70% of robot orders in the 1980s were for use in automotive factories, today this number is 52%
Source – RIA
There is a difference in beliefs about how robotics will change the workforce. Some believe that robotics will bring new, better jobs to the industry and some think it will result in a large loss of employment. One thing that we can not argue about is whether the use of automation will continue to increase.
We see from our customers a constant need for more employees, and they discuss with us their trouble finding people wanting to do the repetitive, dirty, dangerous jobs robots can takeover. This is typically the reason they seek a robot integrator.
If we learn from the past, there have been few technological advances that have led to less employment – even though that worry is always front and center.
Also learning from the past, it is not really a question of if you should start preparing your people for automation, but more a question of how. Think of how online shopping has changed the world of brick and mortars, and who survived the change and who didn’t.
Other countries are currently increasing robot use at a much higher level than the US. In some cases, companies that continue to ignore the benefits of robots may discover that competition in the areas of efficiency and productivity is just getting too high. This will not help their current employees either. So locally, the answer comes down to addressing the facts with your current workforce. Nationally, it means making it a top priority to engage younger students in programs and activities focused on new technology, science, and engineering.
Let’s look at four ways to start getting employees ready for robotics
1. Make sure employees see the path to the future.
- Employees must be ready for continuous learning and growth.
- Cross training – make sure employees have multiple experiences throughout the facility and are not just assigned to one, specific job.
- Develop training programs that include local tech schools. Generate mutually beneficial programs; students learn from your employees and your employees advance through attending college training. Get the operators involved in the automation process by engaging them in the changes and using their knowledge to improve the process.
2. Define the skills the current operators have and where could those be used?
- What other interests in training or job opportunities does the operator have?
3. Start with a simple, low risk automation project.
- Observe and report on all the changes. This will help upper management see the benefits and help the facility employees to know how their job is affected.
- The first project will give your employees confidence to take on more challenging projects.
- A small project allows you to build a relationship with a robotic integrator
- Use the first project to help you decide which application to tackle next.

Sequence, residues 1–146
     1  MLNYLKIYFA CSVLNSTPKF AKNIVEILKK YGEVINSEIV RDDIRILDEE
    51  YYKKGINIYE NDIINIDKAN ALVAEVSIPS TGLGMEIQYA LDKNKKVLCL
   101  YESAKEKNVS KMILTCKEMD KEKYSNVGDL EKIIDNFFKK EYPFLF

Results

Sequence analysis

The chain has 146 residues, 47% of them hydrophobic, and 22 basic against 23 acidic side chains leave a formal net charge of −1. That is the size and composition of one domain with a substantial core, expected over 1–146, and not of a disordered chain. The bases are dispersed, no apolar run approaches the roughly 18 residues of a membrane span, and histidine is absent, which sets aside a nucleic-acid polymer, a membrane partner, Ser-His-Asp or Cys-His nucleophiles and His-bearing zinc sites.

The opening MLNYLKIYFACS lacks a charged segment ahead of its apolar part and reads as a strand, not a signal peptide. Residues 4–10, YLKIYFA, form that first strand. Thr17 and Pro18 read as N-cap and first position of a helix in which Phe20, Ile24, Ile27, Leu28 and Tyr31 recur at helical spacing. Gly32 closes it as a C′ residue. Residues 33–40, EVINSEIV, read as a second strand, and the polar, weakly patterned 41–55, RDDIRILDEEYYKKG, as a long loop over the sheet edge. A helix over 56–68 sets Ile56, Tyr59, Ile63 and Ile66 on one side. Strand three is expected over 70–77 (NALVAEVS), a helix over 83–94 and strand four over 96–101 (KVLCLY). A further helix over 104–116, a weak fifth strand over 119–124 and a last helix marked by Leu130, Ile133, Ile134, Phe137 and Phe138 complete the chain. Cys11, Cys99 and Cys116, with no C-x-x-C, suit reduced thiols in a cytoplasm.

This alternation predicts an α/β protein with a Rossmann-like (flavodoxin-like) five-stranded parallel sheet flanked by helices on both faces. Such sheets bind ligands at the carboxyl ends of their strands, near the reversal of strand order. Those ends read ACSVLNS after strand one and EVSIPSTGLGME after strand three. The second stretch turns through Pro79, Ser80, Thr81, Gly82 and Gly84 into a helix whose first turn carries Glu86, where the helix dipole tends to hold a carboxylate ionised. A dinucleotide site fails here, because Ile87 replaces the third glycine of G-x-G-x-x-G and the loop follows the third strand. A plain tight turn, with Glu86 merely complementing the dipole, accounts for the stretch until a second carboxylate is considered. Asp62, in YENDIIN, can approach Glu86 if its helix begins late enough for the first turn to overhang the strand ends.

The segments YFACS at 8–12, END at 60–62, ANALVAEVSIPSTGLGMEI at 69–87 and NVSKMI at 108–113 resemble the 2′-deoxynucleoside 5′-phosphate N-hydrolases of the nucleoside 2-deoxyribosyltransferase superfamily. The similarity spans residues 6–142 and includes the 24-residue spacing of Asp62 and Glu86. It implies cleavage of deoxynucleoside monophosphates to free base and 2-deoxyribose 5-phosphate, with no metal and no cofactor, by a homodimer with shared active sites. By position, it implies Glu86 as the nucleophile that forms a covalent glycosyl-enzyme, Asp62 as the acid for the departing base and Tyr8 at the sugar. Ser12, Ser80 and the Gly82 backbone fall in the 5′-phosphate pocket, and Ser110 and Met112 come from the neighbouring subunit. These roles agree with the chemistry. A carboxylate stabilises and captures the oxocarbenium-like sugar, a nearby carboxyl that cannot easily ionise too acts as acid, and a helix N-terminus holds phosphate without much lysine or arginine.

4. Learn from your first project.
- What training programs need implemented to make sure employees can ease into new day to day activities and technology.
- What would be a beneficial next step for improving your overall production. Industrial robots could be installed in a plant to automate almost anything. Some of the most common applications include:
Fitting Get Employees Ready for Robotics into the Schedule
* If you want to review the other articles in the series, click on the area below to read the article.
The process of getting your employees ready for automation might be the last in the chart, but it needs to be addressed from the very beginning of the process. Keeping the employees involved and making them an important part of the transition will make the process go more smoothly.
- Identifying your Needs
- In this stage, it is important for operators to be aware of the need for robotic automation and help you to explore the current process.
- Define your Current Process
- The operators are essential to help show you the day to day of the current process. They have seen the bottlenecks and may have ideas for changes. They may also be able to help make you aware of some of the unexpected system variables.
- What about this job could easily be done by a robot?
- Who do I turn to for advice?
- Invite the operators to be involved in a few meetings with the integrator. They will be able to assist in answering process and bottleneck questions.
- Design the robot system
- Where/when will there be a need for operator interaction in the robot system? Get the operators ready for these new tasks.
When Motion Controls Robotics celebrated our 20th anniversary in 2015, our theme was, “Transform your Process.” As we get ready for our next milestone, the importance of transforming your employees to be ready for the new, and even unexpected, jobs that automation will bring has never been clearer.